I like to think that the Pope intended to lament this “anything goes” aspect of the free market, although I cannot escape the conclusion that he actually declared a fondness for redistribution of income.  Giving the would-be prostitute a cut of the car salesman’s take may keep her off the streets, but it does nothing to address either her own inclination to raise cash in a self-mutilating manner nor the mass’s inclination to seek her services.  It suppresses symptoms without treating the disease; and indeed, it cannot suppress symptoms for very long, because the car salesman will eventually cut his work-week in half rather than keep hustling to finance the indigence of freeloaders.

So, no, the socialist state is not a realistic alternative to capitalist progress, just as the capitalist definition of progress cannot adequately explain why we should not celebrate an economy of figurative prostitution.  The point to be stressed for the moment, though, is that capitalism is indeed a species of progressivism.  It is not by nature conservative.  Popular culture has managed to foul these lines of ideological distinction hopelessly, with the amiable Mr. Limbaugh being only the most vocal example.  We Americans no longer understand progress, if we ever did.  To be sure, everybody wants—or should want—to become better in some sense: progress should not be viewed as having a “default value” of “disaster” by those who wish to conserve the past’s cultural treasures.  The greatest of these treasures, however, is precisely a surrounding sense of general sameness in things—a maternal reassurance and predictability about day-to-day events against which difference may be explored thoughtfully.  Capitalism disrupts and eventually destroys culture.  It regards sameness as the passé with which the consumer must be made dissatisfied.  No new snacks can be sold where eating habits are entrenched; no new clothes can be sold where dressing habits from generations ago are yet honored; no new vehicles can be sold where the same old roads bend sleepily around the same old sidewalk cafés.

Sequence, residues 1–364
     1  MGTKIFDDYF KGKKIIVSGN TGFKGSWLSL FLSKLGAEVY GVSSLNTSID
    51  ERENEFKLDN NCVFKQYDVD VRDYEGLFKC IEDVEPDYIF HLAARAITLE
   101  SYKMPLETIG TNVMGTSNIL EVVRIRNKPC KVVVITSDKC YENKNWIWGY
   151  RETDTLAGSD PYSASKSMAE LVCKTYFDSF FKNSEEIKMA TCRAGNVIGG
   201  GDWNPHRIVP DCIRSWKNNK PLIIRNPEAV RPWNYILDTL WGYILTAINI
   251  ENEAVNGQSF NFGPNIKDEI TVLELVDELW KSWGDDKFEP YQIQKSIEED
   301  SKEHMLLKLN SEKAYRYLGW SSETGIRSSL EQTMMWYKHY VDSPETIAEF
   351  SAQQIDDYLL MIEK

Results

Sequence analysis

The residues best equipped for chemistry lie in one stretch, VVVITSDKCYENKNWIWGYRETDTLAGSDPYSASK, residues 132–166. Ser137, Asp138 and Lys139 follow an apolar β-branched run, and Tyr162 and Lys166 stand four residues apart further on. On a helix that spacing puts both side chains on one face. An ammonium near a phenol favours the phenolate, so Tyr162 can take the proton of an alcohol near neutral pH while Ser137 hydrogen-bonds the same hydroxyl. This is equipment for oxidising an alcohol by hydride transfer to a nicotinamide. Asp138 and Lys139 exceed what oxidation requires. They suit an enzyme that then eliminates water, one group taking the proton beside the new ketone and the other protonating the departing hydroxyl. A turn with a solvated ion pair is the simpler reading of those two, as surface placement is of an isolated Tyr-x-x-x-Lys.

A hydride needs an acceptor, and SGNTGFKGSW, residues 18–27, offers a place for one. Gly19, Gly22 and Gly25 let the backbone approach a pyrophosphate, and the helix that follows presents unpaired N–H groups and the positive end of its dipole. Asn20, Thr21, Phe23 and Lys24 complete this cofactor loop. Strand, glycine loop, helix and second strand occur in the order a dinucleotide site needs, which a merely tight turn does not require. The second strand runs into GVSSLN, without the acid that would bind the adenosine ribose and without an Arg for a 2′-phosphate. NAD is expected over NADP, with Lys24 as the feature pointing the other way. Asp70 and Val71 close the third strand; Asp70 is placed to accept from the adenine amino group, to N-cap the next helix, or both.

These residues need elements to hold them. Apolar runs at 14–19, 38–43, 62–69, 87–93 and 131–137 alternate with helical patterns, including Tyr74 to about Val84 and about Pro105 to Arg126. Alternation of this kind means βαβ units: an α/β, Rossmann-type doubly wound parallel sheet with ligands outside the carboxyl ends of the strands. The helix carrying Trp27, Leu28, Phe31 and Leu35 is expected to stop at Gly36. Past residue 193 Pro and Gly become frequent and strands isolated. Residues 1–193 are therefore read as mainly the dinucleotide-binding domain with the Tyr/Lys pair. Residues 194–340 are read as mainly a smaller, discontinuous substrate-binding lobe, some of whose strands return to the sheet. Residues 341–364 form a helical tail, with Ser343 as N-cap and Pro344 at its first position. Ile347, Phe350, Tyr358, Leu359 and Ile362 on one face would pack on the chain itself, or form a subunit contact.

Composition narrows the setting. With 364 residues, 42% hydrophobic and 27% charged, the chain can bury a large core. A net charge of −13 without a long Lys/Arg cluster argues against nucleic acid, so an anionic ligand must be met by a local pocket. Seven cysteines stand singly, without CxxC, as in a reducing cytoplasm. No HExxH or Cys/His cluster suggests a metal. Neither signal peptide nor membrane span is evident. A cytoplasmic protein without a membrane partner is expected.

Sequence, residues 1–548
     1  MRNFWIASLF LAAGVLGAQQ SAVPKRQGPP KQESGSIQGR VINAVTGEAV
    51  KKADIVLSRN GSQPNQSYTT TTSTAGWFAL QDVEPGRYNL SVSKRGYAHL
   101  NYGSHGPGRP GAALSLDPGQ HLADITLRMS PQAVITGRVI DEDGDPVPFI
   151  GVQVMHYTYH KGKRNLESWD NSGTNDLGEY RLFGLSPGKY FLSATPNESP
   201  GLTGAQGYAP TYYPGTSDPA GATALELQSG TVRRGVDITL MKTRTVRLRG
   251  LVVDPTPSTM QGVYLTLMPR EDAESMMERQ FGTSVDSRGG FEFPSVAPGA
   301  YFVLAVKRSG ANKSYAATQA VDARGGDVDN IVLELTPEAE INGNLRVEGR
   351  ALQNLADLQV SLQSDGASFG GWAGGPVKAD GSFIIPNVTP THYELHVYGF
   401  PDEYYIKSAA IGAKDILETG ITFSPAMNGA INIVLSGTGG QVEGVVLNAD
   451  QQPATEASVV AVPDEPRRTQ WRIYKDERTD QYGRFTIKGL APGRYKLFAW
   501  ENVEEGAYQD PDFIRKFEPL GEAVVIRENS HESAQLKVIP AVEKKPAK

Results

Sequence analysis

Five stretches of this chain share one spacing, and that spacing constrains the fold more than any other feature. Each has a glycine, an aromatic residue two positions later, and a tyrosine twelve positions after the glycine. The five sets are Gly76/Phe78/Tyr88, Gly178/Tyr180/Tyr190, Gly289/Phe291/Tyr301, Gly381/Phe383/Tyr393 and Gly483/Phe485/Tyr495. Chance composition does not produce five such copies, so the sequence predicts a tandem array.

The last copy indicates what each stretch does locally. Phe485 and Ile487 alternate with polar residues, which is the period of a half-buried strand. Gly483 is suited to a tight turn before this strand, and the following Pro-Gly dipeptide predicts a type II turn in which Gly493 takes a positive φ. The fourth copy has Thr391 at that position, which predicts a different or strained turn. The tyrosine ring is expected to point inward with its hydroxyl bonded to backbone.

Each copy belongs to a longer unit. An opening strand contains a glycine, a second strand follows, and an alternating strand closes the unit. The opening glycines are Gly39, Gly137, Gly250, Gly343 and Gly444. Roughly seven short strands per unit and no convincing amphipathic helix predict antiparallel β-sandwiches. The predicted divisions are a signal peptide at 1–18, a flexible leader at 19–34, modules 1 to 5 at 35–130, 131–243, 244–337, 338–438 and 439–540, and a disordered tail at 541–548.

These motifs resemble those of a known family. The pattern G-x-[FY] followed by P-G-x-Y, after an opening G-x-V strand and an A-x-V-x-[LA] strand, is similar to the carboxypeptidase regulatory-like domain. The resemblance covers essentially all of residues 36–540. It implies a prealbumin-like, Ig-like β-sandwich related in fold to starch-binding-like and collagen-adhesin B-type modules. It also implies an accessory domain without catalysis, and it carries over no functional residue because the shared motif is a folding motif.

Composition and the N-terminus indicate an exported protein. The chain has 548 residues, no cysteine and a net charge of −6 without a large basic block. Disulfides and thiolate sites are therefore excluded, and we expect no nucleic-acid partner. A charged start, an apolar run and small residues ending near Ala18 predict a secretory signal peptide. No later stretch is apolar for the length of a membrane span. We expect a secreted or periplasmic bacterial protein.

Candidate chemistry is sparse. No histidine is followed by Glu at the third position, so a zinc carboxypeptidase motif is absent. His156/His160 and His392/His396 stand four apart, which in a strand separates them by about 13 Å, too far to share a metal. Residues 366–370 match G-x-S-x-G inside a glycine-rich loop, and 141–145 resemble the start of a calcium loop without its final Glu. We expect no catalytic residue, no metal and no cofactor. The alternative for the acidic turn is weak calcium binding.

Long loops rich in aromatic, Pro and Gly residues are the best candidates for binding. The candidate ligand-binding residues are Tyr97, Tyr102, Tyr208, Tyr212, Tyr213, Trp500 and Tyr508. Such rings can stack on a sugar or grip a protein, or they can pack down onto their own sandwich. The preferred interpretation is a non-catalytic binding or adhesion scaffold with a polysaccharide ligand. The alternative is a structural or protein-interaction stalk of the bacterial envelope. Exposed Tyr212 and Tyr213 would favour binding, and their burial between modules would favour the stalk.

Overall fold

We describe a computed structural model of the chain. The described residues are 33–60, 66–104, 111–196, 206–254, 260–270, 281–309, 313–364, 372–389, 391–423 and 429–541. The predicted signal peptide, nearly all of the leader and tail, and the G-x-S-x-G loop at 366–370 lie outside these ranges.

Of course, through this final example peeks the power-hungry eye of Big Brother.  If the capitalist is eager to produce and market a new roadster, tearing up old roads and building new ones will require public-sector intrusions.  Left-wing advocates of the managerial state are only too happy to collaborate with private-sector visionaries in such overhauls.  The changes sell cars, enriching industrialists and generating the all-important “new jobs”… but they also put tax money into the public sector, which translates into more departments, more licenses, more arms of enforcement: in a word, more power.  Again, the populace—Rush’s “low-information voters”—remains erroneously convinced to this day that big business and big government are mortal adversaries, whereas in fact they are the most devoted (if the most secretive) of bedfellows.